Magazine article Washington Report on Middle East Affairs

Strengthening Arab-U.S. Relations: What Is Required?

Magazine article Washington Report on Middle East Affairs

Strengthening Arab-U.S. Relations: What Is Required?

Article excerpt

Arab - American Activism

American and Arab speakers called for closer political, economic and cultural ties between the U.S. and Middle East at the 12th annual Arab-U.S. Policymakers Conference, held Sept. 7 and 8 in Washington, DC's MarriottWardman Park hotel. The conference, sponsored by the National Council on U.S. Arab Relations (NCUSAR) and the U.S.-Gulf Cooperation Council (GCC) Corporate Cooperation Committee, examined post-9/11 strains now challenging the long-standing relations between the two societies.

In their welcoming remarks at Sunday evening's opening reception, Dr. John Duke Anthony, NCUSAR president and CEO, and Marjorie Adams, president of the National U.S.-Arab Chamber of Commerce, acknowledged the severely weakened Arab-U.S. relationship.

"The relationship is reeling," Dr. Anthony said. "What will it take to repair the increasingly strained relationships between Arabs and Americans? What are the necessary ingredients? For Arab and American policymakers alike, and for those who advise and influence them, 'What is required?' is the quintessential question for this year's 12th annual conference."

The conference attracted a record-breaking number of attendees in search of answers, and perhaps a ray of hope for a better future for Arab-U.S. relations.

In his keynote address at Sunday's reception, Dr. Hussein Hassouna, chief representative of the League of Arab States to the United States, focused on common interests in achieving peace, stability and security, as well as increasing commercial and economic relationships. Perceptions on both sides need to change, Hassouna warned.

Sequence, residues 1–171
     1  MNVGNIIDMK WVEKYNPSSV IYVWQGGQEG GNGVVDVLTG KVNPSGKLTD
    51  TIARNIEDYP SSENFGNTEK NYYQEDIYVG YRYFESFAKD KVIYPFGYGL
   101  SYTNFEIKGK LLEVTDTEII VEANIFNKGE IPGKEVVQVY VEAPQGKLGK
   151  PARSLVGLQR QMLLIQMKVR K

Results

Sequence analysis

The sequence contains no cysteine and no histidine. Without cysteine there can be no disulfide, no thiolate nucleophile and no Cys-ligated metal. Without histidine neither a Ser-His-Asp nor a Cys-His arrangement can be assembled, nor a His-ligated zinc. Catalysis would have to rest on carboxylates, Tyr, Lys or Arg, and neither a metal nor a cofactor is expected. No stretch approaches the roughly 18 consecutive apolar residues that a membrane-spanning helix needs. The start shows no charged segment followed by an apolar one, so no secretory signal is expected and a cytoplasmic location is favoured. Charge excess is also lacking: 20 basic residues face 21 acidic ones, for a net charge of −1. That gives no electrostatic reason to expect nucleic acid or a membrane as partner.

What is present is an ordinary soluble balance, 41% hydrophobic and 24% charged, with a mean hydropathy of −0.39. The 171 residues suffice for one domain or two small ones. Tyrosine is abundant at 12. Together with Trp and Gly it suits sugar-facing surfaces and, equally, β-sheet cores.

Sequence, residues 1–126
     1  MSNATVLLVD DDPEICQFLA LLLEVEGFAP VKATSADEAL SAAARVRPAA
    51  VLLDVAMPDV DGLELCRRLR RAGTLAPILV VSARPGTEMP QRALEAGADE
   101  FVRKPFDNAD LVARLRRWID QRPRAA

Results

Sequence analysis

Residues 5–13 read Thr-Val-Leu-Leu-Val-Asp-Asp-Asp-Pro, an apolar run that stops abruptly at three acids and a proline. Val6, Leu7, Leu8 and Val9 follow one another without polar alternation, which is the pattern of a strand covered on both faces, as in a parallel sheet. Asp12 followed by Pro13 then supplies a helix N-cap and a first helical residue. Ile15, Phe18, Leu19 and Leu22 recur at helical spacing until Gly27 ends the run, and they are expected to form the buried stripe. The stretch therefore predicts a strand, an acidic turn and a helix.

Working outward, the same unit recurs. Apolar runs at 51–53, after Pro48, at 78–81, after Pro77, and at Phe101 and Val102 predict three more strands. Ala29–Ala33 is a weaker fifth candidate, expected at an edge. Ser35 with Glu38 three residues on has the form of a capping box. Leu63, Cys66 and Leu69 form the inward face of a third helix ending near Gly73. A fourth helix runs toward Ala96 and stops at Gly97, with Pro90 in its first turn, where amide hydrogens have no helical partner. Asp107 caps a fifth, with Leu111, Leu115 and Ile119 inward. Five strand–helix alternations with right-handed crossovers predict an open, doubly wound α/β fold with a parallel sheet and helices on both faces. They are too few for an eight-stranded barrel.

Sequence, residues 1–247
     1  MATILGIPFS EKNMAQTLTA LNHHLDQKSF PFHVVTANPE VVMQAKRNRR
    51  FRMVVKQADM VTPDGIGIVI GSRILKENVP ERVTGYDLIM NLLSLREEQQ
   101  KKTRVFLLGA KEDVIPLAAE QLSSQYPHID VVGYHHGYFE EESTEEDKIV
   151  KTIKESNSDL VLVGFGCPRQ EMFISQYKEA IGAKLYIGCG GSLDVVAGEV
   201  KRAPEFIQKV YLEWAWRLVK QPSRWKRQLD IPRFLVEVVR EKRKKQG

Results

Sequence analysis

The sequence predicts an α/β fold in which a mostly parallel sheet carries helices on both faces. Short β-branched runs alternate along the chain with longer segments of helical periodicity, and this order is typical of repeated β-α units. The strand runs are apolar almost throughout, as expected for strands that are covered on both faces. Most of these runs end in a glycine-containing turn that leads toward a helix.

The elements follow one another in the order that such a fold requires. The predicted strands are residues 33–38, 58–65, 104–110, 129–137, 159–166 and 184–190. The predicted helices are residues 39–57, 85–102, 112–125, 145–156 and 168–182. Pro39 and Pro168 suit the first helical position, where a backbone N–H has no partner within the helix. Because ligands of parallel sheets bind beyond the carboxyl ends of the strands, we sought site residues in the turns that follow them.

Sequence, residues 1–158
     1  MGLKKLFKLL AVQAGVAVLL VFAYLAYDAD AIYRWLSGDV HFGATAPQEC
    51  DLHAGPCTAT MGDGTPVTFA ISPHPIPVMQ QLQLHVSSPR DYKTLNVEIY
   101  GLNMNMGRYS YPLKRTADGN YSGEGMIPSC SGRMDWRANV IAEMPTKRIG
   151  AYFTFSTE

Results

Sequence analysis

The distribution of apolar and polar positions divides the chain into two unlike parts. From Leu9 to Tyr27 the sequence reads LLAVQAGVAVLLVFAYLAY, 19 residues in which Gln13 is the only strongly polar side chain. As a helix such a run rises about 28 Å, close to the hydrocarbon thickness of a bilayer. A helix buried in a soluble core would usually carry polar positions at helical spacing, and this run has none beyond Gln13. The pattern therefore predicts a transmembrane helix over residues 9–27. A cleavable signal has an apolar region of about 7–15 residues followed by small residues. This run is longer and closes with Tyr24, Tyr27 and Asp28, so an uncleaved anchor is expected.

The perception in the Arab world, he said, is that the U.S. hasn't been fair in its dealings with them, especially in siding with Israel against the aspirations of the Palestinian people. The U.S. also has displayed double standards when it comes to weapons of mass destruction, he noted, turning a blind eye to Israel, and threatening Arab countries. Hassouna added that the U.S. media has been biased-a foe instead of a friend-in its coverage of the Middle East.

Nevertheless, Hassouna maintained, there is some hope: "For the first time an American president has committed himself personally to a road map, two states living in peace side by side."

Hasssouna warned that Arabs distrust the U.S. push for greater political, economic and social openness in their societies. Reform, he declared, while "long overdue," must originate from within: "There is a difference in calling for reforms and imposing reforms.

"We all want a democratic Arab world," he explained, "but we do not accept democracy imposed upon us. We will always stick to our traditions and to our cultural and religious heritage."

Hassouna also addressed the post-9/11 tendency to "demonize the Arab world and accuse it of being the source of terrorism"-a charge, he said, that "has certainly cast a shadow on our relationship."

The longtime diplomat also condemned U.S. restrictions imposed on foreign exchange students after the Sept. 11 attacks. This must be corrected, he argued, because "young students are the best ambassadors of friendly relations between the United States and the Arab world."

In his keynote address to the reception, retired Marine Corps Gen. Anthony Zinni, former commander-in-chief of the U.S. Central Command and now a special adviser to secretary of State Colin Powell, called for a new Marshall Plan for the Middle East.

"We can't have patchwork policies in the Middle East," Zinni said. "We need a strategic vision. We can't have a separate policy for each issue-the Middle East peace process, a policy and approach for Iraq, or Afghanistan, or how we rebuild our relationships in the region, or how we deal with the energy issue. We need to step back and have something like President Truman and Secretary Marshall had, that strategic vision."

Zinni warned that extremists in the U. …

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